FanPost Friday - Adios, Arias.

Bob DeChiara-USA TODAY Sports

55.3 bWAR. That's the amount of future value the Mariners shipped away on August 29, 1996. David Ortiz, then known as Davey Arias, was sent to the Twins in exchange for Dave Hollins, who was supposed to be an upgrade over Russ Davis at third base. Hollins would go on to "accumulate" 1.1 bWAR for the Mariners in 1996, and would be designated as a Free Agent shortly after the season ended. Trades don't get much more lopsided than this one.

It's always easy to point fingers with the benefit of hindsight. If the Mariners had known that Bedard wouldn't stay healthy and the Adam Jones would be a perennial all-star, they wouldn't have done that deal. You could say the same for the trades involving Omar, Tino, Hampton, and Varitek. But in many of those cases, there was a reasonable argument to be made that the trades made sense at the time. But not the Ortiz trade.

At the time, Arias was a 20 year old 1B playing for the Mariners Single A Affiliate in Appleton, Wisconsin, called the Timber Rattlers. His manager, Mike Goff, was asked by the Mariners front office during the early part of the season what players on his roster were untouchable, and he listed two players, one of whom was David Arias. Goff told them he wouldn't trade Arias for anyone.

Later that year, the Mariners had an off day in June between a home stand and a series against the Brewers, so they decided to stop in Appleton to play an exhibition game against the Timber Rattlers. (This sounds insane, but it actually happened.) As fate would have it, the exhibition game had to be cancelled due to rain, but the teams wanted to put on a show for the fans who had come out to see the Big Leaguers, so they put on an impromptu home run derby with ARod, Griffey and Wilson representing the Mariners, and Arias and two teammates representing the Timber Rattlers.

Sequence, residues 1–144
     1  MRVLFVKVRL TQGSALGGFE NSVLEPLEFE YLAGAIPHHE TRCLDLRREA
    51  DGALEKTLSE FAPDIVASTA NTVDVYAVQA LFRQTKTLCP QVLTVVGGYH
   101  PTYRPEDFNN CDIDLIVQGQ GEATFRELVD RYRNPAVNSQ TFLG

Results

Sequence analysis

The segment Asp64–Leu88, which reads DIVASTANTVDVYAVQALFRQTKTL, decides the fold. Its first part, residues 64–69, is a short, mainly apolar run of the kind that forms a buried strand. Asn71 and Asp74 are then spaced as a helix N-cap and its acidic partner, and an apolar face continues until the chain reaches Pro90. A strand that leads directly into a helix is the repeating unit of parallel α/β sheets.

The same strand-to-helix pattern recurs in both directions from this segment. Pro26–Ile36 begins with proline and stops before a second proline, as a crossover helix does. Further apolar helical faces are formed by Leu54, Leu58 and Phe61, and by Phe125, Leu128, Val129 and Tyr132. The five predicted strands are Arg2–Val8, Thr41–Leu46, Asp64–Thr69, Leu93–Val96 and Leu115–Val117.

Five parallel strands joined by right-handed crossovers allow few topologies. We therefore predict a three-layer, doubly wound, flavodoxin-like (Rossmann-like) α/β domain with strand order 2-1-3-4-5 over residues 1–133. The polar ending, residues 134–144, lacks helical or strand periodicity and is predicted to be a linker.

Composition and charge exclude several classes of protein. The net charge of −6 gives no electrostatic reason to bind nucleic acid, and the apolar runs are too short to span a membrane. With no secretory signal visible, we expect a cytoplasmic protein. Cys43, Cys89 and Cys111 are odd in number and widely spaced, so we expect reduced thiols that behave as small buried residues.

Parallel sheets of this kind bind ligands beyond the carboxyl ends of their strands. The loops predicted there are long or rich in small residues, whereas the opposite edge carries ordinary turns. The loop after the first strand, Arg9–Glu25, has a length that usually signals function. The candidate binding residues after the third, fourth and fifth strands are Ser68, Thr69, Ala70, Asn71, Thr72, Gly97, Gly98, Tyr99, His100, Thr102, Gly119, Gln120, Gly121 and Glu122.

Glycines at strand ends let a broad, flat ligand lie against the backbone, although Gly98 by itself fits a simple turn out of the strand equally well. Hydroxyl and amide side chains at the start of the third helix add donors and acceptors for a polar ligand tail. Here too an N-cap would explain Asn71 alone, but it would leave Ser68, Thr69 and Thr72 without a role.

Arias stole the show, smashing 7 homers in the first round compared to 3 for ARod and 4 for Griffey. Fans and media members talked about how Arias's homers sounded different than the others. Griffey and ARod were awestruck by the raw power of the 20 year old Single A prospect.

"Don't tell me he was the player to be named later." Those were Goff's words when the FO called on August 29, 1996, and told him not to let Arias leave the clubhouse. Arias had been traded against Goff's advice, and now Goff had to break the news to him. Goff was furious with the Mariners, and heartbroken for the player. He later said it was like telling his son he'd been traded.

Baseball is a business, and sometimes the team has to make decisions that make business sense even though they hurt. Nobody has a crystal ball, and sometimes the process is perfect but the results just don't work out. And then there are trades like this, that simply never should have happened. David Ortiz should have been untouchable. His manager knew it, the Mariners players knew it, and his teammates in Single A knew it. The only ones who didn't know it were the ones who mattered.